The tenement, as in other parts of New York City, was the dominant form of housing with hundreds of people occupying the same building, in some cases. Crowding, freezing cold in winter, and stifling heat in summer were the norm. Reform came only slowly.

Beginning in the 1930s, whole blocks began to be razed as ‘slum clearance’ gave way to housing projects, and an entire neighborhood was transformed. Entire streets disappeared too, and we’ll try to name them all here.

Gouverneur Hospital, at Gouverneur Slip and Water Street, is one of the few pre-war structures south of Henry Street and east of Rutgers Street that has survived. The former hospital was built in 1901 by McKim, Mead and White. The new Gouverneur Hospital on Madison Street was built in 1972.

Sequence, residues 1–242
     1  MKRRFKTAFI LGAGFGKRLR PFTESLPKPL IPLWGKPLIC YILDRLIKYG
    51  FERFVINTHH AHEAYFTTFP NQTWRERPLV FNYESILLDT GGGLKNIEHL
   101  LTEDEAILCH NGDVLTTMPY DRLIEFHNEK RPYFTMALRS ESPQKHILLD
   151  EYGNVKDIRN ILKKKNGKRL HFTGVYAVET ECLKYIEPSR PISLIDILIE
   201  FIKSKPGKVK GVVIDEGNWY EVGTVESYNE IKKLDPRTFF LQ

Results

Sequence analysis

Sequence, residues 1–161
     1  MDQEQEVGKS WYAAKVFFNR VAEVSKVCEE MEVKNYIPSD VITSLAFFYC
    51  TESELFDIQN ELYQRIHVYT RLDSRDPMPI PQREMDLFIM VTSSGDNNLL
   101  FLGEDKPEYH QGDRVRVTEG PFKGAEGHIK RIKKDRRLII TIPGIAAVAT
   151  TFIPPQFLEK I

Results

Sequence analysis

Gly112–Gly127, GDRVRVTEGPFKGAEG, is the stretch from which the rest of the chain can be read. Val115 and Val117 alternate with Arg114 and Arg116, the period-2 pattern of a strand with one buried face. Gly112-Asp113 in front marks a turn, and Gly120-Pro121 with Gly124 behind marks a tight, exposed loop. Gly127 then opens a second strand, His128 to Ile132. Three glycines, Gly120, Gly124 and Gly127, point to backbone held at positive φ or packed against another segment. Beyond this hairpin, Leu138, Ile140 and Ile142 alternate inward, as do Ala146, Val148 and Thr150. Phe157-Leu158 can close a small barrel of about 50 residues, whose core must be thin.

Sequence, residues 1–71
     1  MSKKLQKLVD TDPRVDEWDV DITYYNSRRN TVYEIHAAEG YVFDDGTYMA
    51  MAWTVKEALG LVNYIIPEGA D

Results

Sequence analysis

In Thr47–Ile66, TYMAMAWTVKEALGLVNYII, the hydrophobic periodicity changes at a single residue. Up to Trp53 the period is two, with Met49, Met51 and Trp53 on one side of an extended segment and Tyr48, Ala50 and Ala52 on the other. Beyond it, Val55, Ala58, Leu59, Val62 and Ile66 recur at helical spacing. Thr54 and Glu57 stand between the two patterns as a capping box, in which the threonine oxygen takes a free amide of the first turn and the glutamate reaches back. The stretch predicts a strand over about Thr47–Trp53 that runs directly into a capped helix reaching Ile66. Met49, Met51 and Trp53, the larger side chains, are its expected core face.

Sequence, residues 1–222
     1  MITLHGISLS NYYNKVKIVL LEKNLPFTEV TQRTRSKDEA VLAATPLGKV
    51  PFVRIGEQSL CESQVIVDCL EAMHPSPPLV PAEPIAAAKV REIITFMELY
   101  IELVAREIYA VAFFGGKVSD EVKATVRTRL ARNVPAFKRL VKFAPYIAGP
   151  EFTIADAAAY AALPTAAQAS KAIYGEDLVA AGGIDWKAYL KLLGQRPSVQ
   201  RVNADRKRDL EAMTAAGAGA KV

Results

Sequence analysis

Gouverneur Street and Slip are not named for any New York governors, but for Abraham Gouverneur, a French immigrant who became a merchant and political activist.

This map, prepared for the Federal Writers Project in 1936, shows what streets remained on the Lower East Side in those days. Housing projects would claim many of them by the 1950s.


Before the name change, George Street at the East River was a red light district.

James Monroe was originally buried in the Marble Cemetery on Second Street, but the body was disinterred and moved to his native Virginia.

Much of Jefferson Street has been replaced by the LaGuardia Houses.

Scammel Street’s former route is marked by a walkway in the Vladeck Park Houses.

A couple of views of Scammel Street before the housing project replaced it.


Cannon Street, now just an echo of its former self, exists as an alley between Delancey and Broome west of Lewis Street. It has survived because it faces a public school that was not razed in ‘slum clearances’ that began in the 1930s.

Forgotten Fan Peter Sefton recalls this old neighborhood of teeming tenements and bustling businesses: